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Phone Company Tax-Benefit Foes Gathering Strength

Nov. 30, 2004 — Local attorney Maria Tankenson Hodge on Tuesday urged Economic Development Authority Chief Executive Officer Frank Schulterbrandt to disapprove Innovative Telephone's renewal application for tax benefits.
The EDA will host a public hearing on St. Croix Thursday to take public testimony before considering the telephone company's request for an extension of its benefits under the Economic Development Commission program.
Hodge wrote a letter to Schulterbrandt she is requesting be read into the record at that meeting, and the Source obtained a copy of it.
"At this time, there is no justification to give the company another tax exemption," Hodge said in the letter.
Innovative received tax breaks from the government under the EDC program for several years: from October 1998 when it was known as Vitelco until its benefits expired in September 2003.
According to Hodge, before Vitelco itself began receiving EDC benefits, its parent company was granted benefits as an incentive to build out the phone system in the Virgin Islands, and, in that grant, the company was given an exclusive franchise – a monopoly – on land-line telephone service in the Territory.
"I believe the record will confirm that this single company has received – directly or through its parent company – tax exemptions going back more than a quarter of a century," Hodge said.
Hodge stated further that the Public Services Commission, which regulates the telephone company, has set Innovative's rate of return and ensured the company will make "above and beyond" what it would pay out in taxes.
"For this reason, Vitelco does not need an exemption from taxes to be encouraged to make appropriate capital investments in the Virgin Islands," Hodge said. "Every dollar it invests is, by law, entitled to a reasonable return, including a profit over and above the taxes it pays. That means that the present phone bills paid by customers in the V.I. are reimbursing Vitelco for all the taxes it should pay the government of the V.I. – income taxes, property taxes, etc."
Hodge said further, "There is no reason whatever for the EDC to allow the phone company to avoid paying these taxes to the government that so desperately needs the revenue, when the applicant is already being fully reimbursed for these very taxes."
Hodge requested that Schulterbrandt read her letter into the record at the Thursday hearing because she will not be able to attend due to previous engagements.
Since the company applied for an extension of its benefits earlier this year, its request has been met with staunch opposition not only by Hodge, but several senators and even its own regulatory body, the Public Services Commission.
Innovative's renewal application was held up because of its failure to comply with some of the previous terms of its benefits. The telephone company has since settled with the EDC for its noncompliance but was told a public hearing first had to occur before a renewal could be granted. (See "Senators Oppose EDC's Settlement with Innovative").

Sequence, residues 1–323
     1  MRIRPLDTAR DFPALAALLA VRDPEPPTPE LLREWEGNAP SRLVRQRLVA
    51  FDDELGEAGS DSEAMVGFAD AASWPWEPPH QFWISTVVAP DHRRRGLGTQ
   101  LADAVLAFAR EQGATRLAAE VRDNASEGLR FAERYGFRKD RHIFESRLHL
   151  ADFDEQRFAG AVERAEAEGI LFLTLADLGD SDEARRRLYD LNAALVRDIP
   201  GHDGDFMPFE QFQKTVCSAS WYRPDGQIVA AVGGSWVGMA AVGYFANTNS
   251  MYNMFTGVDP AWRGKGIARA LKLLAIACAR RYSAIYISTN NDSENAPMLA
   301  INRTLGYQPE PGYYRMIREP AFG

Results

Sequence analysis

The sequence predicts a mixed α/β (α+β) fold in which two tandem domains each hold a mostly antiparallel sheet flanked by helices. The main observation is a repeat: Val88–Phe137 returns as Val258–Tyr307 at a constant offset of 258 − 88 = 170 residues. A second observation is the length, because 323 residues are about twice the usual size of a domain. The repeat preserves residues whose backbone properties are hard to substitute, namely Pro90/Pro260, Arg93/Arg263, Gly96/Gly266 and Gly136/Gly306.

Sen. Louis Hill is one of several legislators opposed to a renewal of Innovative's tax benefits. Hill said Tuesday because the telephone company is a monopoly and is given a "guaranteed rate of return" by the PSC, it should not be allowed to receive tax benefits.
"Clearly the company is being used to expand the owner's [Jeffrey Prosser] business ventures," Hill said, referring to a recent move by the telephone company to sell $81 million in preferred stock, some of which was loaned to the parent company Innovative Communications Corp. for the purchase of a telecommunications company in Belize. (See "Stop Spending Stock Proceeds, Phone Company Told").
Hill said the money should have been used to improve service to the territory's ratepayers.
"The service that the company is giving right now is terrible," Hill said. "I think it is absolutely wrong that the company is now coming back for a renewal.
Hill said he would be attending Thursday's meeting and would express his views to the EDC.
Sen. Adlah "Foncie" Donastorg, who has previously expressed strong opposition to Innovative's renewal request, did not return calls Tuesday on whether he would attend the hearing.
The PSC has also opposed Innovative's bid for a renewal of its tax benefits. The company had told the commission last April that it would not renew its benefits. Based on this, Innovative was allowed a rate increase.
In July, the PSC voted to inform the EDC that the rate increases were given based on the commission's belief that the telephone company would not seek a renewal. (See "PSC Irked by Innovative Bid to Renew Tax Breaks").
PSC Commissioner Valencio Jackson said Friday evening he had not been aware that a public hearing was scheduled, and he would make plans to attend.
"If the renewal is granted," Jackson said. "The PSC will have no choice but to proceed with a rate investigation."

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